The Brothers Wild

The Washington Post Magazine

It was the mid-1960’s — a warm, sunny day at Yellowstone National Park, where a 500-pound male grizzly bear known as No. 36 is slumped in a drug-induced haze. Even flattened by tranquilizers, the big bear dwarfs the four researchers in Western-style clothing who are racing the clock to pull every piece of data they can from him — weighing him, taking blood samples, checking his teeth.

John moves an immobilized yearling bear in the early 1960s at Yellowstone, probably to prevent it from sliding, disoriented, into the creek.

John moves an immobilized yearling bear in the early 1960s at Yellowstone, probably to prevent it from sliding, disoriented, into the creek.

He grows larger still when he awakens suddenly with a shattering roar. Groaning, groggy and gladiatorial, the bear rises and charges blindly at the members of the group, who scramble into their red Ford station wagon. In a dizzy rage, the bear barrels like a bristling, fanged locomotive toward the packed car, running straight into the passenger door and then heaving himself onto the hood, his head seeming to fill the entire windshield. As the animal bellows again, the car is jammed almost cartoonishly into reverse, and the big, disoriented bear slides off.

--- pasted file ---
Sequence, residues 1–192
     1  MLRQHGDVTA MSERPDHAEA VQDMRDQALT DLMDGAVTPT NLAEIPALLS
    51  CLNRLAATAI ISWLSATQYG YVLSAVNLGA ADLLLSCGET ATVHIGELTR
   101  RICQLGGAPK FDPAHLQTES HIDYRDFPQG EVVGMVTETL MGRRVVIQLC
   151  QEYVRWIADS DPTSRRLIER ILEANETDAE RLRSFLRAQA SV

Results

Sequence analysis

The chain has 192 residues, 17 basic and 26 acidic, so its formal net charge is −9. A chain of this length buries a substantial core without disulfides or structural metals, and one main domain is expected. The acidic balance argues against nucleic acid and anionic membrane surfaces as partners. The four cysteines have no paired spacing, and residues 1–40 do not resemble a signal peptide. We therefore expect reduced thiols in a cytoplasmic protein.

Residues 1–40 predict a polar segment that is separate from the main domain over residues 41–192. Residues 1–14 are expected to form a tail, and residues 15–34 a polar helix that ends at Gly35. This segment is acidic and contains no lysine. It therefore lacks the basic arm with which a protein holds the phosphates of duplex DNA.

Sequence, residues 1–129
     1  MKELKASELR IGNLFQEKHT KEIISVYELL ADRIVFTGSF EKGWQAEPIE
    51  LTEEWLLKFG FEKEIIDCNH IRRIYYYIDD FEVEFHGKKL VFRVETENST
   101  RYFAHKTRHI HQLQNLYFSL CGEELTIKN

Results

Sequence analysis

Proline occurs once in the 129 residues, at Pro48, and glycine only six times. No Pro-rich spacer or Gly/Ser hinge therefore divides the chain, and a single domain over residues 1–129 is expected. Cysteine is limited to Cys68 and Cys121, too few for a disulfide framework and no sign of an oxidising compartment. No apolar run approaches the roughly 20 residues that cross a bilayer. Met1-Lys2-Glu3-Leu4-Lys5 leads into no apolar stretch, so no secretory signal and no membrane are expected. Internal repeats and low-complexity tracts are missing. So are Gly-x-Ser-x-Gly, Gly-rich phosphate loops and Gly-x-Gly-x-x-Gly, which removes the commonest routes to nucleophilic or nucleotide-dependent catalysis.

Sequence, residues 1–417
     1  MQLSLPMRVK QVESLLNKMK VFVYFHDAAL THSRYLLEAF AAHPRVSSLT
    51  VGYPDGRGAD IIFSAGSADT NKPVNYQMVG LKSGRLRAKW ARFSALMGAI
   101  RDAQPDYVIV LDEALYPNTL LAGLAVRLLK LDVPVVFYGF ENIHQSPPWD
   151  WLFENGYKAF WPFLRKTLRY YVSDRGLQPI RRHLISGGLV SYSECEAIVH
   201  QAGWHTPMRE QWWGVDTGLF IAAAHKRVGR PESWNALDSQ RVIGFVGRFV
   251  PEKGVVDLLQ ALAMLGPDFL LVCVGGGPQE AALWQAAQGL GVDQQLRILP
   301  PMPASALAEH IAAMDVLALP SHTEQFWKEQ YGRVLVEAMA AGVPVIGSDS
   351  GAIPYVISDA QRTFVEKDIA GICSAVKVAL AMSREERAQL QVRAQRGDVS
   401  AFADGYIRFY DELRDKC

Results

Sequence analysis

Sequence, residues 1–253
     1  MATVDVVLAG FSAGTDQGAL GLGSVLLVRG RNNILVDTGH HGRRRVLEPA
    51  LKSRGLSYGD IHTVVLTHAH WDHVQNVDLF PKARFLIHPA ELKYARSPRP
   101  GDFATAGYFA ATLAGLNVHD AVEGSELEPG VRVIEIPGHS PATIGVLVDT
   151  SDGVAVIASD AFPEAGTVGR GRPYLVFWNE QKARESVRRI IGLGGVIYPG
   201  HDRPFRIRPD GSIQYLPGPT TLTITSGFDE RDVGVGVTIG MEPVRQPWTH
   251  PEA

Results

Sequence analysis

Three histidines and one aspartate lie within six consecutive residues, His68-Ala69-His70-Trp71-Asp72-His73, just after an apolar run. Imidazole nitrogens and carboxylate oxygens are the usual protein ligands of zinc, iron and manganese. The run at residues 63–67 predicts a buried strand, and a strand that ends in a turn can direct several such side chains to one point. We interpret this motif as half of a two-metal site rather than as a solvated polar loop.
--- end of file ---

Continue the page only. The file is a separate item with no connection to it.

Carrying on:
brothers-wild

Left: Twin brothers, twin passions: John Craighead (left) with a peregrine falcon; Frank with a goshawk, circa 1939. Right: John Craighead at his home in Missoula, Montana in 2007.

To aficionados of National Geographic documentaries, the scene is one of the most popular in the organization’s ample, thrill-filled archives. It is also a small taste of the action packed and intertwined lives of a set of identical twins and grizzly research partners, John and Frank Craighead… READ MORE

 

 

 

One thought on “The Brothers Wild

  1. Thank you so much for this column. A major reason for my own lifetime interest in nature was the Craighead’s book, Hawks in the Hand. They went on to live wonderful lives and it has been a pleasure to follow them from afar.

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